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CenturyLink explains end-of-year outage

ALBUQUERQUE, N.M. — CenturyLink executives on Wednesday blamed a faulty electronic unit called a “network management card” for its Dec. 27-28 national service outage.

The failed unit, made by California-based Infinera Corp., clogged up CenturyLink’s Internet services with a tidal wave of faulty messaging, state Government Affairs Director Johnny Montoya told the New Mexico Public Regulation Commission during a presentation Wednesday morning. That overloaded the system and caused a two-day outage that impacted people from Massachusetts to Washington state, including tens of thousands of Internet customers in New Mexico and people whose phones are based on voice over Internet protocol, or VoIP.

Verizon users lost phone service during the outage, since that company relies on CenturyLink to manage wireless data traffic in New Mexico.

Emergency 911 calls were affected in places like Albuquerque and Las Cruces because many people didn’t have phone service to make calls and because the lack of Internet service impeded city systems from automatically routing calls that did come through to emergency answering services, Montoya said.

CenturyLink’s corrective response was slowed because the faulty unit impacted the company’s event-management system, which is set up to help technicians rapidly isolate the cause of problems, Montoya said.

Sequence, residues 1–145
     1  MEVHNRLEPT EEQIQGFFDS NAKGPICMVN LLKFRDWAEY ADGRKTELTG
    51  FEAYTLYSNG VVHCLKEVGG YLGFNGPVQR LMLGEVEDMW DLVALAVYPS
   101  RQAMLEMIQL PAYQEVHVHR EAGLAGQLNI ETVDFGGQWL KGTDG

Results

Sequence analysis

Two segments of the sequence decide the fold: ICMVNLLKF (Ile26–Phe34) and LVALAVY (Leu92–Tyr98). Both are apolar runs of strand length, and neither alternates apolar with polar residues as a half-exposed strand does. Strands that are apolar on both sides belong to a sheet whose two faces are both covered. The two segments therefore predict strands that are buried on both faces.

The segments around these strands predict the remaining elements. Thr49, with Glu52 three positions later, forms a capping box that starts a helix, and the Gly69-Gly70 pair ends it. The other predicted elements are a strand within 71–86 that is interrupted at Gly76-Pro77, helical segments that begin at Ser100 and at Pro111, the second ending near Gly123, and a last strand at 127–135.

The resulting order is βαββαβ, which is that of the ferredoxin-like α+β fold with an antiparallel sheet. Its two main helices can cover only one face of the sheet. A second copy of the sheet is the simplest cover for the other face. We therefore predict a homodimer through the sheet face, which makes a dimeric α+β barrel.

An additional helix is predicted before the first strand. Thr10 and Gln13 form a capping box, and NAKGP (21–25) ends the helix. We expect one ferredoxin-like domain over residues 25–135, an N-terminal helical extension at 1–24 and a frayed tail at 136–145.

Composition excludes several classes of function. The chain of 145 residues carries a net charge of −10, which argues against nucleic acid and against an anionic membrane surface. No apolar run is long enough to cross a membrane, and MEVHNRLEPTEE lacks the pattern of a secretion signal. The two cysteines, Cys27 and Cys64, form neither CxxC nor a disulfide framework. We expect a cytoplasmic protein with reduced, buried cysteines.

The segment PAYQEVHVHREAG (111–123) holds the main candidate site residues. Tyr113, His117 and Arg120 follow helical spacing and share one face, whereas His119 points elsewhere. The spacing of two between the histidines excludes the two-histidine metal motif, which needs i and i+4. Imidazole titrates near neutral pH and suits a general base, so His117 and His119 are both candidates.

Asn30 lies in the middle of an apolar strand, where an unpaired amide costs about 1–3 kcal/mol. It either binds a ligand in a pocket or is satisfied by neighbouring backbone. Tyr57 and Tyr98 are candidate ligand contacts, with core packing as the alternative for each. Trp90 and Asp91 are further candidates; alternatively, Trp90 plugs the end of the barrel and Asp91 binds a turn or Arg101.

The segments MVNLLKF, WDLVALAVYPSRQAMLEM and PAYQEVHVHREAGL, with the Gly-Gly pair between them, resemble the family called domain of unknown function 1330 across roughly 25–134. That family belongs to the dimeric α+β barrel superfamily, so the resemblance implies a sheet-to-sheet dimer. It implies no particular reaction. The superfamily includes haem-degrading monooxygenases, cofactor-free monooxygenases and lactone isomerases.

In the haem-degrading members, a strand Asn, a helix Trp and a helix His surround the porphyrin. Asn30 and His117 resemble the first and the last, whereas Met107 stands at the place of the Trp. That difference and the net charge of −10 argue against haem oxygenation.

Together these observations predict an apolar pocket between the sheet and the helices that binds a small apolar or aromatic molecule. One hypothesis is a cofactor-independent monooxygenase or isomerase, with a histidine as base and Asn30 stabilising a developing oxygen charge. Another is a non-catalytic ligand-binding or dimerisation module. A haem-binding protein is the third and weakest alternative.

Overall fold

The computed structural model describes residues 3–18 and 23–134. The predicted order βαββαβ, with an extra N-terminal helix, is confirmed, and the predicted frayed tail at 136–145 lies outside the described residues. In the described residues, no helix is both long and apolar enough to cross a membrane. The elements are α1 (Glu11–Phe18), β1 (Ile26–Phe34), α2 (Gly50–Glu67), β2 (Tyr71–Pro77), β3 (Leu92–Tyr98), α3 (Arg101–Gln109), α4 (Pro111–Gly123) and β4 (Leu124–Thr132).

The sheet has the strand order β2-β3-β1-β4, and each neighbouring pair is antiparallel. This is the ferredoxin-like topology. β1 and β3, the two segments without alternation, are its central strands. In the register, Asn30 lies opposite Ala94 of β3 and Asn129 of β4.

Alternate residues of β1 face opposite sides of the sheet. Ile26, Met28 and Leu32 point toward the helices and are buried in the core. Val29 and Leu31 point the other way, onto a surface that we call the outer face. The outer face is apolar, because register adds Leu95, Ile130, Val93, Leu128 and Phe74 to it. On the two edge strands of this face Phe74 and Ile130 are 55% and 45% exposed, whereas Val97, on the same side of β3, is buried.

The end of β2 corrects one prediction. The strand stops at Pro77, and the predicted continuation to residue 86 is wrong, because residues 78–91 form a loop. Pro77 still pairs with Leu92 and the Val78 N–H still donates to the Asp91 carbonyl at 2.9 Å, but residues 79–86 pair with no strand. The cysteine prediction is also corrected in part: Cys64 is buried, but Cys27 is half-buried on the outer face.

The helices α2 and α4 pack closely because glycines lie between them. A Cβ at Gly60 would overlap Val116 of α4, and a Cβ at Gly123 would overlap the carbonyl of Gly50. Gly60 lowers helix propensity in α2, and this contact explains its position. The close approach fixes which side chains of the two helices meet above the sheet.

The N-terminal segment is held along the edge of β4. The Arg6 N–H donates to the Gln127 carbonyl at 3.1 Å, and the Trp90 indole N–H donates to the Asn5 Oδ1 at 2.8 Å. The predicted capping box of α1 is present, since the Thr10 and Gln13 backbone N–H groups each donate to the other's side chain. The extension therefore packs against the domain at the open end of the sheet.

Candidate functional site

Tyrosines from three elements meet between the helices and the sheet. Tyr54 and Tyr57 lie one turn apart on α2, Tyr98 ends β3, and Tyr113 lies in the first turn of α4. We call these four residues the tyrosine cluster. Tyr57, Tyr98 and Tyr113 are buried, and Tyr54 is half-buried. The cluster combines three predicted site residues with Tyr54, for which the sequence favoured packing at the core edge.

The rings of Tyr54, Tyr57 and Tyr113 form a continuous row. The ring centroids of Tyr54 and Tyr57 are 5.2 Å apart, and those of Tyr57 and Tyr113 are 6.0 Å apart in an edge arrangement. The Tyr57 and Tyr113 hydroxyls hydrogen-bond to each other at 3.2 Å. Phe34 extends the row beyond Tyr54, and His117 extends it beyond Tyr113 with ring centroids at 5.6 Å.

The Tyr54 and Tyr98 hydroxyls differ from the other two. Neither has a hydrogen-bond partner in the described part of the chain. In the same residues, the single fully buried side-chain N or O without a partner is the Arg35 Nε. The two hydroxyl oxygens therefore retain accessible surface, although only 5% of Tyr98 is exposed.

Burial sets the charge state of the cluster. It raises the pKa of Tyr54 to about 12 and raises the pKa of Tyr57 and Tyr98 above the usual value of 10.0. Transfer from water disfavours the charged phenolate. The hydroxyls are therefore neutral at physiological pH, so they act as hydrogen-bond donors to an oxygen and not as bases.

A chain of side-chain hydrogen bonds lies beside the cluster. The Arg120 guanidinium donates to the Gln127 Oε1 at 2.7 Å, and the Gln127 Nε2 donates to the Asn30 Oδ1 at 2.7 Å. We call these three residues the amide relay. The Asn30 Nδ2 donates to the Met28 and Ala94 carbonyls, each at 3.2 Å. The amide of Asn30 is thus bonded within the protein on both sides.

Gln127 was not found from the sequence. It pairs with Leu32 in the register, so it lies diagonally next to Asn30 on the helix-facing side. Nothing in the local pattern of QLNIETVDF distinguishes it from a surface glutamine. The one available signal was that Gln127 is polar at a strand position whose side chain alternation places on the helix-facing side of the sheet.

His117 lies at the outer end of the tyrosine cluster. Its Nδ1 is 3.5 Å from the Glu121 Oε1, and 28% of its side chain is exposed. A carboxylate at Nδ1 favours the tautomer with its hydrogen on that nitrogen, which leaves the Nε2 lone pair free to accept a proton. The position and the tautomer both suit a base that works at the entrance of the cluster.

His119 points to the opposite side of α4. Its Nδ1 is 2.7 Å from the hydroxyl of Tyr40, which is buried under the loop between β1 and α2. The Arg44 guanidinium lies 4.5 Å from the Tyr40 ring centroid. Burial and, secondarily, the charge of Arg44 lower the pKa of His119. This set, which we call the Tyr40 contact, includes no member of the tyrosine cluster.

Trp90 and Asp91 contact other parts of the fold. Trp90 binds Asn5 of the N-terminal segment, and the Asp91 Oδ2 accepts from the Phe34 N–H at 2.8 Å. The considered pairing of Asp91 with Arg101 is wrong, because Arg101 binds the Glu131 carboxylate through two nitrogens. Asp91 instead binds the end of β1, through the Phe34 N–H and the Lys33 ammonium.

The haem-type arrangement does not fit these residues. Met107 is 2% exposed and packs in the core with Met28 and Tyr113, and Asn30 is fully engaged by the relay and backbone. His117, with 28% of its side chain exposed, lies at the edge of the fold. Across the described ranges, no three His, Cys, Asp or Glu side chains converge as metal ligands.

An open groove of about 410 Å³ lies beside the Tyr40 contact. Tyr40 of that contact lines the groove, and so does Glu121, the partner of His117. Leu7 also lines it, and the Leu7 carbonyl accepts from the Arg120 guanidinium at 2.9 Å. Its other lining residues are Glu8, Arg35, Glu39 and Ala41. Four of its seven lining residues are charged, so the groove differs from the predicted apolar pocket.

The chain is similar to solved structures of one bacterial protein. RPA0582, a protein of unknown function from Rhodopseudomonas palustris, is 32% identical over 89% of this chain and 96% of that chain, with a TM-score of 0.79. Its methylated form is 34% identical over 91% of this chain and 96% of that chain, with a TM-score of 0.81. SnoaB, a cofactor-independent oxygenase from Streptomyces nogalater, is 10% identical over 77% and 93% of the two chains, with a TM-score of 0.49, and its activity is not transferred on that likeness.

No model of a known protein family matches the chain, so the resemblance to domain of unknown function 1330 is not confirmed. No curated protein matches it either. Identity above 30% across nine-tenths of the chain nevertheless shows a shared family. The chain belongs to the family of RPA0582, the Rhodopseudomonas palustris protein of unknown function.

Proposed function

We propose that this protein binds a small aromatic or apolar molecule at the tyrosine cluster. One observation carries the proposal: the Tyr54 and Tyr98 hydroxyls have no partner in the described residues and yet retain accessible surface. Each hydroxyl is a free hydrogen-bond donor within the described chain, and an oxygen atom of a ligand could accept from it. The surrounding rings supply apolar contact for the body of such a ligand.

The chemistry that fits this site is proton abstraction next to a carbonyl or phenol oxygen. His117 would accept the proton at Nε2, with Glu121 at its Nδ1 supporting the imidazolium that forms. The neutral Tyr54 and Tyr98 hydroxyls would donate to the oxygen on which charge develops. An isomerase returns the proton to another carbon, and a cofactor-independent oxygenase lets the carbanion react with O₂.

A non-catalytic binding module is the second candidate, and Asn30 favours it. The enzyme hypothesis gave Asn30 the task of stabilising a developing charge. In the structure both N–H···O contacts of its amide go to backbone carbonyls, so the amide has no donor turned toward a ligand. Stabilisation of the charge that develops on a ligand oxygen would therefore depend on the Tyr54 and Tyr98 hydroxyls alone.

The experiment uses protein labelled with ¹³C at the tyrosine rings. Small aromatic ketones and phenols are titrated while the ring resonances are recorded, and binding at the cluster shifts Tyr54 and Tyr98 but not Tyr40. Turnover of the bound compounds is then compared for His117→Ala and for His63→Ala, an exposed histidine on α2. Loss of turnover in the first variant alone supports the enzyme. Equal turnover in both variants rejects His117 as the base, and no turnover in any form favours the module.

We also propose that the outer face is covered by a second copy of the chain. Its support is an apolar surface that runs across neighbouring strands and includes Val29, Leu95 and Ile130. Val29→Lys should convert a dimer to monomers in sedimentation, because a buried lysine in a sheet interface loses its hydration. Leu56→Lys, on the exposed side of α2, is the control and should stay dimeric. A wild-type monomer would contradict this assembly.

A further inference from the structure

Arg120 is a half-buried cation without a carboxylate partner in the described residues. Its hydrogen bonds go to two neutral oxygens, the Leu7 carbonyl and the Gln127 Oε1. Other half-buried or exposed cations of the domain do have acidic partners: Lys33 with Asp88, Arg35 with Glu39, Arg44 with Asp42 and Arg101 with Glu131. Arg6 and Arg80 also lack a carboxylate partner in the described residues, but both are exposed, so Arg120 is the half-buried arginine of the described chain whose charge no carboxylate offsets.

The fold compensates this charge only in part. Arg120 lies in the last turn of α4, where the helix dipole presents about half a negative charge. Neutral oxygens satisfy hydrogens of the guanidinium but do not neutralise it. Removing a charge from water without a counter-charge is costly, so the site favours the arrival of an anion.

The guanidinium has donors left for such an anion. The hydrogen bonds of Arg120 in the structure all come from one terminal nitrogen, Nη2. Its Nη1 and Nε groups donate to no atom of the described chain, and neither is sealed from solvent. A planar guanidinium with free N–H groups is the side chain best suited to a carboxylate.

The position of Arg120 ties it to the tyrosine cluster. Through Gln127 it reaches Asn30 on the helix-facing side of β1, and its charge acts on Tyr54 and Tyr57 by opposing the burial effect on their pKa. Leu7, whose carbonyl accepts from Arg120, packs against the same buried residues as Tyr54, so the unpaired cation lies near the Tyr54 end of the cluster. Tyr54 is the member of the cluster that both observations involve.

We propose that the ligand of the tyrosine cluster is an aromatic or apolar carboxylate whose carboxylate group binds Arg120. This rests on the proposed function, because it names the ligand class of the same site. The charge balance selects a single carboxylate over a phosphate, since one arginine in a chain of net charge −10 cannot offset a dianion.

“Once the faulty card was identified, we pulled it,” Montoya said. “We then applied filters and reinitialized over 100 network nodes to re-establish customer traffic.”

The faulty unit has since been sent back to Infinera for analysis to determine the root causes of the problem. But CenturyLink accepts its responsibility, Montoya said.

“On behalf of the company, I apologize for the outage,” he said. “It was our fault.”

CenturyLink is also cooperating with the Federal Communications Commission to investigate what happened.

The company has eliminated the possibility of a cyberattack as the culprit, Montoya said.

In the meantime, CenturyLink is installing network filters and monitoring systems to prevent such incidents from re-occurring.

“We’re looking at additional steps to create more fault tolerance in the future,” Montoya said. “…It’s fair to say this was a wake-up call for us and our customers. We’re looking for ways to make our Internet service and all our services more resistant.”

Commissioners and others asked the company to establish more efficient emergency communications in case of future incidents. During the December outage, customers, public officials and others could not communicate with CenturyLink, creating confusion.

In Las Cruces, local managers and technicians thought their own systems had failed, said Doña Ana County Commissioner Shannon Reynolds. Had they known immediately about the problems with CenturyLink, they could have rapidly switched to an analog phone system to manage 911 calls.

“There needs to be more communication upfront,” Reynolds said. “When a problem this massive occurs, I would encourage (CenturyLink) to send out an announcement to every news agency and others to alert the public.”

PRC Chair Theresa Becenti-Aguilar asked the company to establish direct emergency contacts with the PRC and other entities for swift, 24/7 communications in an emergency.


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